Traditional leaders and Justice Actors in Bong County have signed a memorandum of understanding in an effort to collaborate and ensure that citizens access justice in the County.
Our correspondent says the signing took place recently in Gbarnga under the arrangement of the Bong County Security Council with support from Mitigating Local Disputes in Liberia, a U.S. Department of State-funded program.
The signing ceremony, held recently at the Administration Building in Gbarnga, was attended by magistrates, the police, traditional leaders such as zoes and chiefs, members of the media, and officials of Mitigating Local Disputes in Liberia.
The Bong County Security Council was launched in 2015 to allow the Liberian government to decentralize security governance in the country.
The co-chairperson of the Bong County Security Council, Frederick Nepay says the signing of the MOU followed a recent mediation meeting in the county where traditional leaders and justice actors raised issues of interferences with the execution of their respective duties.
“We are in this room today because we understand that small, small problems were coming among the court people, the police people, and the traditional people,” says Nepay, who is also the head of the police detachment in Bong.
He notes that the agreement will help the different actors clearly understand their roles, responsibilities, and limitations in ensuring that citizens have access to justice and that there is limited interference caused by different stakeholders intervening in cases.
Several months ago, Bong witnessed several disruptions of justice where magistrates were chased out of courts by traditional leaders who used traditional masked dancers to intimidate the judicial system.
The latest happened in Foequelleh where traditional leaders forcefully prevented the magistrate on duty from ruling in a case involving a local zoe – a high ranking traditional leader – and another person.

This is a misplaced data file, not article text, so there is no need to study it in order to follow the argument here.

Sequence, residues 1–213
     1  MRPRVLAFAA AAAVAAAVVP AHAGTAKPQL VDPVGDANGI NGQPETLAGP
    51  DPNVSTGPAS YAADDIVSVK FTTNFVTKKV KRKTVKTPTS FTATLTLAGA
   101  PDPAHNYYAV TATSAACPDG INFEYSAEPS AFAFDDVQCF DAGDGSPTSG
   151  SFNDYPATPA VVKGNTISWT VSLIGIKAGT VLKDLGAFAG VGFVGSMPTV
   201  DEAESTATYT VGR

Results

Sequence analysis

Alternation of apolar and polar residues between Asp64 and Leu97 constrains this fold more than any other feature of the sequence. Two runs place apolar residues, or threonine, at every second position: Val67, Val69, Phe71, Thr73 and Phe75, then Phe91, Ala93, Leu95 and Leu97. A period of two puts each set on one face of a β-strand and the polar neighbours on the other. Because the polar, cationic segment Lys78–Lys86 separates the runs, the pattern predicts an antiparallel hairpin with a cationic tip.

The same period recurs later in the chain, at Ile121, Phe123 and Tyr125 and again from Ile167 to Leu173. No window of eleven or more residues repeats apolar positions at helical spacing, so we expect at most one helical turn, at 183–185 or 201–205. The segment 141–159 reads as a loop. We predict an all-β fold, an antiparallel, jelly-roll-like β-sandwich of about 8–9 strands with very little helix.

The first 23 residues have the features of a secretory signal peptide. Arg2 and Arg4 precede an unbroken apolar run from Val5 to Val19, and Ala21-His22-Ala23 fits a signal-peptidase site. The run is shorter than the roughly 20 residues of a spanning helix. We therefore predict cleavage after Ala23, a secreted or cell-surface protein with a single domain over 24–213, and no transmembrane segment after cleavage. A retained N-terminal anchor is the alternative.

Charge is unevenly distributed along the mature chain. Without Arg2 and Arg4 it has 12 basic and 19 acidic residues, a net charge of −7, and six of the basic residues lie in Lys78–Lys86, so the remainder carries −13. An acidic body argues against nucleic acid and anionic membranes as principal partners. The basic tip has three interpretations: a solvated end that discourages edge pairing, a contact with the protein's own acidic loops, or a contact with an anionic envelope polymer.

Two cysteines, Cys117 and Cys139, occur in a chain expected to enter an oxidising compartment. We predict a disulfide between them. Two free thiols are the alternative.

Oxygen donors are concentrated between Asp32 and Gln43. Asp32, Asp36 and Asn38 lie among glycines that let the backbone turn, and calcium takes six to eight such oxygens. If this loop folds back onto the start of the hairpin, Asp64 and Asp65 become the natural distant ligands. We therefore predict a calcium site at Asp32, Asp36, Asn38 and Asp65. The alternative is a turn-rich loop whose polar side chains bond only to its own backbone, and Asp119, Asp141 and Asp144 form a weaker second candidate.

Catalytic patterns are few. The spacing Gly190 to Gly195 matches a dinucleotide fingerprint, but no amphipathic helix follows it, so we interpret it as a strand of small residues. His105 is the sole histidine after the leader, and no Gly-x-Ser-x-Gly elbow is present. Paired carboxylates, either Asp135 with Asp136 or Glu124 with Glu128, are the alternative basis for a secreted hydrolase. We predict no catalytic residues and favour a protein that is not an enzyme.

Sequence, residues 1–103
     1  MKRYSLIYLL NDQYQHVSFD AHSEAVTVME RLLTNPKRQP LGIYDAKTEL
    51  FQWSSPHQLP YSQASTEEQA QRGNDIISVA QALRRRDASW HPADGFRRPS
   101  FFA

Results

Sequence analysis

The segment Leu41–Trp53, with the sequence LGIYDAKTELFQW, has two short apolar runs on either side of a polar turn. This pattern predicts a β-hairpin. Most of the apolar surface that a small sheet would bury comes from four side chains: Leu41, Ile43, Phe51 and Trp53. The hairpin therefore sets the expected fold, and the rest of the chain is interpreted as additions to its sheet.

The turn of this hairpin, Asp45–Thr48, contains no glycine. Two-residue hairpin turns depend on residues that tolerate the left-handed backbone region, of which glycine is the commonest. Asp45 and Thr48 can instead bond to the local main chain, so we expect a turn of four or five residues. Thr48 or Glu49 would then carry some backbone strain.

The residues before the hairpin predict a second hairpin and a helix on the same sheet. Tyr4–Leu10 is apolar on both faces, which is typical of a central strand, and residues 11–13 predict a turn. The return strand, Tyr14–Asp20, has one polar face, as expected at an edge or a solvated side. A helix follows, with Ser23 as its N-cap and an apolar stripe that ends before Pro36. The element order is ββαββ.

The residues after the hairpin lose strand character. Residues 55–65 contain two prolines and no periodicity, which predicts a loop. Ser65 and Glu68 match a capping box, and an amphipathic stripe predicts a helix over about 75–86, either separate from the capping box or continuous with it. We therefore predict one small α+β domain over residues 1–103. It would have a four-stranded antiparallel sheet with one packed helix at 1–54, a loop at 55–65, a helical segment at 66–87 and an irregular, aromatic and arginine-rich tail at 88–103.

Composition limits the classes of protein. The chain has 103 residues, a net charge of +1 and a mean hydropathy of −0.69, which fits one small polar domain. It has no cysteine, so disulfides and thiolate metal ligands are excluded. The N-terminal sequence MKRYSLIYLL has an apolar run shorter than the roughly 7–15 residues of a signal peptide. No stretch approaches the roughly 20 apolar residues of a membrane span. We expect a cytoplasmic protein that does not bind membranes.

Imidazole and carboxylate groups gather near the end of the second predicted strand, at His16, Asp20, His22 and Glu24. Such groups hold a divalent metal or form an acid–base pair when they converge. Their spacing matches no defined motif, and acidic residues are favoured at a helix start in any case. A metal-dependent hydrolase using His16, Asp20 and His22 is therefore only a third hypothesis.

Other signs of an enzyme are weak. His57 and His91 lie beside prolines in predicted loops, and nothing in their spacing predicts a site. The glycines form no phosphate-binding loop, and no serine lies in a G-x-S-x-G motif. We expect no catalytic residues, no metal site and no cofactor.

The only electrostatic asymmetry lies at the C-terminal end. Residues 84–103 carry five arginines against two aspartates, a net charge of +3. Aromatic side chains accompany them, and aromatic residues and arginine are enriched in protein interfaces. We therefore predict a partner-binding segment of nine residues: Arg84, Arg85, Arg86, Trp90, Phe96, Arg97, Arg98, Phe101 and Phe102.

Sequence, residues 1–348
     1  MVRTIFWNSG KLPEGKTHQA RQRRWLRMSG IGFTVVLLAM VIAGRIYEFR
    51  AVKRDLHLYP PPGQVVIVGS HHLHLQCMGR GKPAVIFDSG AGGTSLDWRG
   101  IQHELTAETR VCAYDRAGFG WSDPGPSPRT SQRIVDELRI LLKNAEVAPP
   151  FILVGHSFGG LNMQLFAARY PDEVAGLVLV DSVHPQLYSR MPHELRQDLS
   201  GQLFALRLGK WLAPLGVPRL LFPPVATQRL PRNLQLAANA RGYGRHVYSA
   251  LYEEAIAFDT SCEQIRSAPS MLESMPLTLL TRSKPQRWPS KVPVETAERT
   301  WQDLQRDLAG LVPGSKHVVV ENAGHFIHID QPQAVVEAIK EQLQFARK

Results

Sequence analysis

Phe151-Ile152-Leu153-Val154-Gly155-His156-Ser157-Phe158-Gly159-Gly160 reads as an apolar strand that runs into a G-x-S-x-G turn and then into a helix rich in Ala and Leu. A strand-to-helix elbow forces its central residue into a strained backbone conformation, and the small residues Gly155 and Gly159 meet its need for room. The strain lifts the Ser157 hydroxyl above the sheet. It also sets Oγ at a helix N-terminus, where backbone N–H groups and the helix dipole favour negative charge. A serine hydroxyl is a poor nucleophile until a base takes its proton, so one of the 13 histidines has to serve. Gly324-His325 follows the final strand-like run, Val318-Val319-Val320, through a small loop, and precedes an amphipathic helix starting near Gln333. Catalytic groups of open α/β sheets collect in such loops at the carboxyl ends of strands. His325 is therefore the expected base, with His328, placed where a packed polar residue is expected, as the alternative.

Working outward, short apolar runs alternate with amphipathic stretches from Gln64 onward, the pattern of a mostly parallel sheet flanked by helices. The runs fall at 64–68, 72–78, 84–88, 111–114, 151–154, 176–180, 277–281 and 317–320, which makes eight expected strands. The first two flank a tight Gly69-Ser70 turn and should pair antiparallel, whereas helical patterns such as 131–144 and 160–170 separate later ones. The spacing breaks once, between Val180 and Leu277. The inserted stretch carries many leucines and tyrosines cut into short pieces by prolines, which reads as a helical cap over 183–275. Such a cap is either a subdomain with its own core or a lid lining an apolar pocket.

The traditional leaders at the time claimed that the magistrate did not have the authority to judge a zoe.
The justice actors comprising of magistrates, police and traditional leaders, among several counts in the MOU, agreed that no traditional leader should interfere with justice actors in the discharge of their duties in keeping with the law.
They agreed that all those considered to be zoes, traditional herbalists, magicians, or otherwise must be duly registered with the offices of the native superintendent in the county.
They also indicate that all cases that are criminal in nature should be void of traditional interference by traditional leaders, and that such cases should be reported to the police by traditional leaders.
The MOU also prevents the establishment of Poro and Sande traditional schools during academic instructional periods and bans forceful initiation of members to the various school.
The agreement further recommends “constant engagement” between justice actors and traditional leaders to resolve issues of concerns with regard to their different roles in the justice system.
In line with the National Security and Intelligence Act of 2011, the Bong County Security Council is required to hold monthly meetings, during which time, security information earlier collected are shared and managed by key stakeholders of the county.By Joseph Titus Yekeryan in Bong –Edited by Winston W. Parley